The destruction of the Jews of Italy

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The destruction of the Jews of Italy

 

 

 

 

Italian soldiers waving white flag of surrender

The Italian Government surrendered its forces to the Allies on 8 September 1943, and on the following day General Mark Clark launched Operation Avalanche, the landing of Allied troops on the coast of Italy, near Salerno.
 
On the 10 September 1943 the Germans occupied Rome, Mussolini’s officials perhaps guided by Mussolini himself tried to substitute half-measures to thwart deportation to the gas chambers in the death camps in the east.
 
But after his captivity on the Gran Sasso, Mussolini was a deflated balloon, and the Italian government was much weakened, the Gestapo wasted no time, aided by the Jewish registration lists created in the days when Mussolini and his fascist government had issued anti-Jewish decrees. 


It was most unfortunate that many of the native and refugee Jews who made their way south following the Allied forces landings in Calabria should have waited in Rome, when the Germans occupied the city on the 10 September 1943 about 8,000 Jews fell into German hands, a sixth of the Jewish population of Italy.
 

By the end of September 1943 it was known to the German Embassies in Rome and the Vatican City that Himmler intended to send these Jews to the Auschwitz – Birkenau death camp. On the 30 September Bishop Hudal, rector of the German church in Rome warned General Stahel, the Town Commandant, that the Pope might take a position against the deportations.
 
Stahel decided not to carry out the deportations without the permission of the Foreign Office, at the same time Mollhausen, the German Consul-General in Rome, wrote personally to Ribbentrop, recommending internment in Italian labour camps rather than deportation.
 
The response could have been predicted, Ribbentrop would not intervene with the SD, from whom Stahel took his orders – the first round-up of Jews in Rome occurred on 18 October 1943.
 

 

OSS report on the treatment of Italian Jews by the Nazis   Page 1 (click text to enlarge)

 

OSS report on the treatment of Italian Jews by the Nazis  page  2 (click text to enlarge)

The always compliant Baron Ernst von Weizsacker was now very much on the spot as Ambassador to the Holy See. Much was made at Weizsacker trial of the warnings which he gave both to the Vatican and the Jewish community leaders of the impending action.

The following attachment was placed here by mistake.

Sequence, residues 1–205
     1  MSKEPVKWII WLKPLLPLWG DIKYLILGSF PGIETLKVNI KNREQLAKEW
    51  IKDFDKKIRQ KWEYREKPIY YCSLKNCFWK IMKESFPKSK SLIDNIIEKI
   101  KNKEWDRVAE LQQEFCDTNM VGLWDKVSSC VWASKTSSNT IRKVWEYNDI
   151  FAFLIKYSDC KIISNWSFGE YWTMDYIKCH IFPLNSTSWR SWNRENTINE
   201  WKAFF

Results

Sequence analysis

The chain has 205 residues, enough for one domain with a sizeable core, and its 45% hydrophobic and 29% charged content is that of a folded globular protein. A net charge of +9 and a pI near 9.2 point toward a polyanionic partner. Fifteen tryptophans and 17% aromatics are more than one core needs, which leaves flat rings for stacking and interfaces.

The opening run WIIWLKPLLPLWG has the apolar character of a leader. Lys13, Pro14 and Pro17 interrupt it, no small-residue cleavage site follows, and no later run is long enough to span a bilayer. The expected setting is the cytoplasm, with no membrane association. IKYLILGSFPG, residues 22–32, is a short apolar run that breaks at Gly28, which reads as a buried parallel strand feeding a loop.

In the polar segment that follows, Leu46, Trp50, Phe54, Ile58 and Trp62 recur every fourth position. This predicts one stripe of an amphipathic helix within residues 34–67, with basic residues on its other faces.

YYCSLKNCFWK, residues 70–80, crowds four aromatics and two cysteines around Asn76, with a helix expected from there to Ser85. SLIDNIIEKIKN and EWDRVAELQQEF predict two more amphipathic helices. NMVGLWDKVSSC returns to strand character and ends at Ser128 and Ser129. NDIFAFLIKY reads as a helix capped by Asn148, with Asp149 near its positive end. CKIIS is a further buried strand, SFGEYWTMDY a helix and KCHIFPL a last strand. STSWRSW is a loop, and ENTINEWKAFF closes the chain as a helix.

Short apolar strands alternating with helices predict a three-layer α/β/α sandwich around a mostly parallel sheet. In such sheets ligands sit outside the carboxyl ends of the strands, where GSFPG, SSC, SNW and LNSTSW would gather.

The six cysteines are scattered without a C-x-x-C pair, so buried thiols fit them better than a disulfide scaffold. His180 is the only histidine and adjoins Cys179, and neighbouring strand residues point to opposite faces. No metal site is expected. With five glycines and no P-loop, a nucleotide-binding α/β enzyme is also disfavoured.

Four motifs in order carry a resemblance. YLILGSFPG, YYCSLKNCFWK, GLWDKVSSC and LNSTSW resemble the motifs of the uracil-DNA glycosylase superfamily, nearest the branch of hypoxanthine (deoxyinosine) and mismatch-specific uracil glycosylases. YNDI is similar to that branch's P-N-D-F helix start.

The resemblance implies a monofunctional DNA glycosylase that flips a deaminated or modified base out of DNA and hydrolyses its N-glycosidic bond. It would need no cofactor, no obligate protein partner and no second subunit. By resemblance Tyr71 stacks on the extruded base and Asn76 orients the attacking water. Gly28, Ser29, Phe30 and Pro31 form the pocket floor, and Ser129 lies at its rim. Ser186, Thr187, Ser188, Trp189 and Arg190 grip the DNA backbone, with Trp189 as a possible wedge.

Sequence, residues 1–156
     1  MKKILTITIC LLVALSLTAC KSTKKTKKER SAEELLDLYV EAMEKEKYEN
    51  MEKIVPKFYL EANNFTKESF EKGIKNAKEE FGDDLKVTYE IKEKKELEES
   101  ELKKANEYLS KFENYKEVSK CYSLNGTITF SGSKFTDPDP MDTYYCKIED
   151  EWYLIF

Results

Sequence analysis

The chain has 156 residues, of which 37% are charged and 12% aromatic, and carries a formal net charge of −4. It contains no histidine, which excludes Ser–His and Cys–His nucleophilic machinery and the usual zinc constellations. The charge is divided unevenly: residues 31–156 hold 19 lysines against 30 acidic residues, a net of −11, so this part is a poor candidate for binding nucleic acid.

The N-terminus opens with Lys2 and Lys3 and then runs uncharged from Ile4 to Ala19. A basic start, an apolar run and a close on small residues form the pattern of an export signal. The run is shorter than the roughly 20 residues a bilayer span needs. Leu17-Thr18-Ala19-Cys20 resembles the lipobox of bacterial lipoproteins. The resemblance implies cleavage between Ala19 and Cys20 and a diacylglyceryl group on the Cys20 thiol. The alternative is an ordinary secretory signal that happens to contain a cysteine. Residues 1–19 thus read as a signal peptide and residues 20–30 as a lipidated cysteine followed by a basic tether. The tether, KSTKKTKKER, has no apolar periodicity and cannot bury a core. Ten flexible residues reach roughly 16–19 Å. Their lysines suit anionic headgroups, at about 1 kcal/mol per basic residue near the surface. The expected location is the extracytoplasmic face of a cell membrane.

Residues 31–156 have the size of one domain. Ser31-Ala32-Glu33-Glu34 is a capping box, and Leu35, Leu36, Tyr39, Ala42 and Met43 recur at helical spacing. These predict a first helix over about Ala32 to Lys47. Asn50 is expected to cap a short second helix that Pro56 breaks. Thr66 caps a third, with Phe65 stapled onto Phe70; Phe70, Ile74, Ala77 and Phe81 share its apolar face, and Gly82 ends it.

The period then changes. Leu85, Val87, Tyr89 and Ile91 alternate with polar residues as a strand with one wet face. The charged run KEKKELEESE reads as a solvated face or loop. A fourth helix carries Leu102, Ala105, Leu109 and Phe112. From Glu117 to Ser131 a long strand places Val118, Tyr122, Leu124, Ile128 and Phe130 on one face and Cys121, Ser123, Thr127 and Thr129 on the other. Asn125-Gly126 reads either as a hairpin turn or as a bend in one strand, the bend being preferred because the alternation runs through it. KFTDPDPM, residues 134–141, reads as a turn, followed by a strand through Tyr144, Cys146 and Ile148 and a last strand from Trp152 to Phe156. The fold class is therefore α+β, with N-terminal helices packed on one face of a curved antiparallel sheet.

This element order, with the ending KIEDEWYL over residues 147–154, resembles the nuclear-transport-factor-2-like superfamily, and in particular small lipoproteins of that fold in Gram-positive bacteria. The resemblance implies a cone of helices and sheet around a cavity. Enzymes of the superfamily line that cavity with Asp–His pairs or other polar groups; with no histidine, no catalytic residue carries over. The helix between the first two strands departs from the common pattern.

The only certain intervention of von Weizsacker is the forwarding of Bishop Hudal’s protest to the Security Police commander, Obersturmbannfuhrer Hubert Kappler. But that was only on 22 October 1943 after the round-up had already taken place.
 

According to Gerhard Gumpert, Weizsacker’s First Secretary, Kappler was persuaded that Hudal’s warning to Stahel had been inspired by the Pope. Kappler was now too frightened to continue the actions.
 

This version of events does not ring true firstly because Kappler did inh fact continue the round-ups, and secondly because the action of 18 October had taken place without the least protest from the Vatican.

 

The best witness is Weizsacker himself, writing to Dr Karl Ritter, Minister for Special Purposes at the Foreign Office in Berlin:
 
Although pressed on all sides, the Pope did not allow himself to be drawn into any demonstration of reproof at the deportation of the Jews of Rome. The only sign of disapproval was a veiled allusion in Osservatore Romano on 25-28 October, in which only a restricted number of people could recognise a reference to the Jewish question.”

 

Pope Pius Xll negative attitude towards the Jews, he never renounced the 1933 concordant with Hitler and who only denounced the National Socialist regime, only after the German surrender in spring 1945. 

 

However, there can be no doubt regarding the sympathy and practical assistance of the clergy in Rome, monasteries and convents sheltered a very large portion of the Jews who were warned in time and who went into hiding. 
 

Nevertheless, on the night of 18 October 1943 1,270 Jews were arrested of whom 235 had to be released. On 23 October 1,035 Jewish men, women and children arrived at Auschwitz- Birkenau, and 839 people were murdered in the gas chambers.
 
Until 4 June 1944 when the Allied forces liberated Rome the Germans continued to deport Jews in small batches, approximately a quarter of Rome’s Jews were deported while the rest spent eight haunted months in hiding. 

 

Read more here: http://www.holocaustresearchproject.org/nazioccupation/italianjews.html

 

The Holocaust Education & Archive Research Team

www.HolocaustResearchProject.org

 

 

Copyright Carmelo Lisciotto H.E.A.R.T 2010

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